Yorkshire nostalgia: Long and sometimes troubling history of giant Yorkshire pies...

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Pictured is the famous Denby Dale pie dish, which in December 1985, was being used as a flower bed. Mrs Alice Pell is pictured in front of the giant pan.

The history of larger than usual pies in Denby Dale goes back to 1788, when local villagers and farmers came together to celebrate the recovery of ing George III from his illness. In that year, a large game pie was cooked in an oven at the White Hart Inn.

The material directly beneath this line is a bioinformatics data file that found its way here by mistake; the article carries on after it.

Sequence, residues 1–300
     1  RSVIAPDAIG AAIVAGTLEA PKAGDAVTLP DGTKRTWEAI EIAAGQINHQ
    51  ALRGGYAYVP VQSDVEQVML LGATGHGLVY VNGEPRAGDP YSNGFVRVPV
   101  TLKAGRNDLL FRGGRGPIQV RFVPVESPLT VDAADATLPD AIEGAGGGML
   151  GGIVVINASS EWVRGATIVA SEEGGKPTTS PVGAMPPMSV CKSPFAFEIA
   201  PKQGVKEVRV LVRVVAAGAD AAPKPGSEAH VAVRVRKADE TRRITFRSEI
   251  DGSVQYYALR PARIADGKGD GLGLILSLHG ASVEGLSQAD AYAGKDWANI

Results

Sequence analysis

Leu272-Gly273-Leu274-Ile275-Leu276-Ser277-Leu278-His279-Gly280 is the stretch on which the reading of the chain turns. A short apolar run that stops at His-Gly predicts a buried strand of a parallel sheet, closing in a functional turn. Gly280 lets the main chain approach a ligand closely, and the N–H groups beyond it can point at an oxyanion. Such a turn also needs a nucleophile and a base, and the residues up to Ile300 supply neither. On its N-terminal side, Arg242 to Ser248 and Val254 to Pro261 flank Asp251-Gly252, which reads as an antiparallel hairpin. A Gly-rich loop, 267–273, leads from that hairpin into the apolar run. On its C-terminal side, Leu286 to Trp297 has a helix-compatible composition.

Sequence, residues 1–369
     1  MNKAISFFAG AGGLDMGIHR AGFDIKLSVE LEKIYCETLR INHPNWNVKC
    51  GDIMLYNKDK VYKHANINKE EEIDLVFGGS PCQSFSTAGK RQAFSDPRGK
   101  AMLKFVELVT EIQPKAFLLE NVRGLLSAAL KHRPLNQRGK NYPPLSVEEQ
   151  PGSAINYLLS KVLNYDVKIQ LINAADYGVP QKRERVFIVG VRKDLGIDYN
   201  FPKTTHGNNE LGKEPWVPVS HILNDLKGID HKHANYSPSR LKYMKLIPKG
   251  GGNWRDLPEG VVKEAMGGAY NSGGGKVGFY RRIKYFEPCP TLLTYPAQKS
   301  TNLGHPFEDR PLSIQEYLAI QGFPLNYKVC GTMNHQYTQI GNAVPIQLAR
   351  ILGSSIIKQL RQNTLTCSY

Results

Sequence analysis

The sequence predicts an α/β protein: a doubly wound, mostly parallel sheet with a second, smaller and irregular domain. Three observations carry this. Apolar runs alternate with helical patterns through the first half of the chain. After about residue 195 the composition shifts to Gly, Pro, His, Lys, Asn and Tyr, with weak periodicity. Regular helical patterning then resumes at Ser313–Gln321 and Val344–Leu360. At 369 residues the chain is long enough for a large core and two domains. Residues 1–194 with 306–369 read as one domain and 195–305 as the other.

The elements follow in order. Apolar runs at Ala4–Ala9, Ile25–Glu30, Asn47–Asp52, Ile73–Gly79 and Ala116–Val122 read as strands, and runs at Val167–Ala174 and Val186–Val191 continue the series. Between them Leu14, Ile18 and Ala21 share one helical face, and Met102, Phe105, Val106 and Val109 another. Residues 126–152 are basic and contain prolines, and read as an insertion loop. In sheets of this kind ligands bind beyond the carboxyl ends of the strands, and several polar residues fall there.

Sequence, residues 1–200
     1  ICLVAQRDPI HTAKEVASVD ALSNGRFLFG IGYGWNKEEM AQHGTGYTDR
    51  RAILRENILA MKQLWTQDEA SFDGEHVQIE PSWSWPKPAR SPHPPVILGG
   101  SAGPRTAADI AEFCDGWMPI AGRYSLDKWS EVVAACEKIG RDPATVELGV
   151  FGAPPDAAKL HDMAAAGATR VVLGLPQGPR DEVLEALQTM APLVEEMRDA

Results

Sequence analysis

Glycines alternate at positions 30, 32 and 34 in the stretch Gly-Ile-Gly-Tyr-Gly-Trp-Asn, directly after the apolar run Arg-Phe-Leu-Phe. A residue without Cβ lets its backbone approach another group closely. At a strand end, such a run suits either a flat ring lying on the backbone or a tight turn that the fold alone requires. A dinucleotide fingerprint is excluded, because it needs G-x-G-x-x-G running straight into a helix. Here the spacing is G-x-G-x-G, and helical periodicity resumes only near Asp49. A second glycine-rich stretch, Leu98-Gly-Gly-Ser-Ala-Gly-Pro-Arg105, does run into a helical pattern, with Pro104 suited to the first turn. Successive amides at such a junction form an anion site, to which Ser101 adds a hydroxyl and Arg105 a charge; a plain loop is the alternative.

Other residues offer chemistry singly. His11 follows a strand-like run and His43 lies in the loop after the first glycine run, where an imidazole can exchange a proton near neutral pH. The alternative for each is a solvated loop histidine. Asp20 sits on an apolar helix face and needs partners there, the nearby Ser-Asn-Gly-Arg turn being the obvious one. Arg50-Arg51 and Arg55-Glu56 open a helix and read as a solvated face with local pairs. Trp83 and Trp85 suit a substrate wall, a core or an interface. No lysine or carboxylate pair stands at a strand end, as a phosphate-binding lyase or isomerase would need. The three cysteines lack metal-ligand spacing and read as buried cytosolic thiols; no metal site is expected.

The next time a large pic was made was following the victory over Napoleon at the Battle of Waterloo. The people of Denby Dale made a pie which apparently contained two sheep and twenty fowls and had a massive pastry crust made from half a peck of flour (about eight dry pints).

The year 1846 saw a ‘Repeal of the Corn Laws’ pie, which was baked on August 29. However, this pie was never formally cut, because a riot broke out after it collapsed, causing at least one person to fall into it. It contained, among other things, one calf - five sheep, seven hares, 14 rabbits, two partridges, a brace of grouse, four ducks and 63 small birds.

Many other pies have been made down the years, including the bi-centennial 1988 pie, which served 90,000 people.